their bondsmen being required to justify to double this amount. Impossible, of course, in that new country, to
get such bondsmen, without going a long distance horseback or on foot. Bell saw the trap and he refused to hear
the case. But the fellows had been resourceful enough to foresee that Bell might balk, so they brought with them
as a substitute an Arizona sheep herder who held a commission from Uncle Sam.
This fellow handed it out to them in true western style. Peirce was jumping around like a
chicken with its head cut off, trying to get some one to ride to Deadwood to secure bail, so that he and his
men could go home.
Presently an excited fellow rushed up to Peirce and screamed "The jail is filled with desperadoes,
one under death sentence. They are trying to break out, and the authorities want you to come quick and help to
man the jail!"
Peirce, true to his instincts for a fight, rushed to the jail, stepped inthe door swung
shut, and he had unwittingly fallen into a neat trap. The next night, Fred T. Evans of Sioux City, came along. He knew Peirce, so he went on his
bond and let him out.
As Peirce left the jail he said to those who had entrapped him. "I'll come back!" They hooted
In due time they were brought to trial. The late Frank Washabaugh, at that time clerk of the
courts, read the indictment: "Entering a United States postoffice with the intent of committing larceny and
other depredations." The cigar box had done its work well.
Under that indictment, only one man could get a hearing, and the late Granville C. Bennett,
the first Black Hills' judge, dismissed the case when it came before him for trial.
But Peirce was under bond for trial. So he walked back to Custer, fifty miles, gave away what
goods he had left in a little store there, resigned his position as sheriff of Custer county, walked back again
to Rapid City, went into partnership in a hotel at Rapid City with Dan J. Stafford of Yankton, was elected
sheriff of Pennington county, and on January 1, 1881, he walked down to the old jail wherein he had once been
confined, demanded the keys, as an officer of the law, and said soberly, "Old Peirce always keeps his word."
Ellis Taylor Peirce descended from Penn Quakers. He was born in Lancaster county, Pennsylvania,
April 24, 1846.
'Tis said the greatest help to success in life is being born well. 'Twas true of Samuel of
Old Testament fame, 'twas true of Daniel Webster, 'tis true of Bryan and of many others. Doe Peirce was born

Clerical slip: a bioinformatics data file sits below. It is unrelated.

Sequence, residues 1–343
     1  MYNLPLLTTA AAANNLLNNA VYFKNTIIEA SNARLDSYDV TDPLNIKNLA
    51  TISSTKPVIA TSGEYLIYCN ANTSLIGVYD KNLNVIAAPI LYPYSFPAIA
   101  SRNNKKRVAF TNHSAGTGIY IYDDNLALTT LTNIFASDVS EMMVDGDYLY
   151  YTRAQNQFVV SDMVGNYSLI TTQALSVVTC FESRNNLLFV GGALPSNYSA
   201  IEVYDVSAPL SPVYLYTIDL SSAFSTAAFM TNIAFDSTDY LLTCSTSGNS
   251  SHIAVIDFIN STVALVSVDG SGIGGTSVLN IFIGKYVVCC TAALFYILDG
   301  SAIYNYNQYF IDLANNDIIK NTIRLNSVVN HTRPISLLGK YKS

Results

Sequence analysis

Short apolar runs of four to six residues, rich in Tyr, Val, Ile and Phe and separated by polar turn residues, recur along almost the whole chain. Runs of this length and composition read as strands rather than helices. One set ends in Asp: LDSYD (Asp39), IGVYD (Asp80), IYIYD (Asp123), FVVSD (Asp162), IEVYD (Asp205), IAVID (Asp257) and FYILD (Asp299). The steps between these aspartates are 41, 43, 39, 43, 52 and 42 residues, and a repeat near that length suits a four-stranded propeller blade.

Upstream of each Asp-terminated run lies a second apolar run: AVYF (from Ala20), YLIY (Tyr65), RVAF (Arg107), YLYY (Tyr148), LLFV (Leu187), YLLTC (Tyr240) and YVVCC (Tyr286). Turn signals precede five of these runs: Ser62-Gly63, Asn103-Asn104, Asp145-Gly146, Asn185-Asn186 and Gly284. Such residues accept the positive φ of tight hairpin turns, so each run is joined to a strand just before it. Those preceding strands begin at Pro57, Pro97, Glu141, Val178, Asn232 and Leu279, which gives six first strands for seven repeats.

well. The "Taylor" in his name discloses his connection with Bayard Taylor, the noted journalist and traveler.
CIVIL WAR EXPERIENCE
After graduating from the state normal school at Millersville, Pennsylvania, in 1863, at the age of
seventeen, he joined the Union army, and was assigned to Nevin' Battery, Pennsylvania Light Artillery.
Near the close of the war he joined the 39th Missouri Mounted Infantry. This was the regiment
that the murderous Quantrell massacred at Centralia, Missouri, September 27, 1864, only four men escaping.
Young Peirce was one of these four.
A monument now stands where brave Custer fell. The bones of Wild Bill and of Calamity Jane
are separated only by a few feet of clay. The Black Hills has become a populous region. The dusky Sioux warrior has vacated his haunts for
government reserves. "Necktie parties," have been superceded by the strong arm of the law. The onward march of
civilization has thrown its mantle of charity and peace over the ramparts of the past. The early pioneers who
hewed out the west are nearly all gone. But "Doc" Peirce remains with us still.
At present he runs a barber shop on Minnekahata avenue, in Hot Springs, South Dakota. No one who
knows him (and nearly everybody does) ever thinks of passing his door without saying "Hello! Doc." He is still
strong and rugged and bids fair to reach the century mark.
Not long since a loud-mouthed fellow sitting in a hotel in Hot Springs, was relating
reminiscences of the Black Hills, and heralding the pact he had taken, when he was interrupted by Peirce who
"When did you come to the Black Hills?" "In '81," said the fellow.
"You poor tenderfoot," said Doc; and then everybody lit their accustomed cigars and enjoyed
the fellowship of a happy evening while Doc Peirce entertained them with pioneer "stories" of the Black Hills,
chief among which was his story of a
He told of how the old stage that plied between Hot Springs and Deadwood in the early days
left the former place one morning away back in the seventies and started for Deadwood via Custer. There were
in the coach some eight or nine persons, among whom was a hunchback Jew and a desperate-looking negro. Toward
night-fall, not far from Custer, the driver stopped to water his horses at a mountain spring. Everybody got
out and began to stroll around. Presently the big burly negro stepped up in front of the Jew and pulling out of
his pocket a long sixshooter which he placed in close proximity to the Jew's nose, said of him in pretty firm
tones, "Give me your money!"
"Vel," said the Jew, "how much secoority vil you give?"
"Never mind about the security!" exclaimed the negro, "give me your money at once or you are
a dead Jew!"
"Vel, can't you vait until ve git to Deadvud and have Shon Oppenheimer go on your bond?"
interrogated the Jew.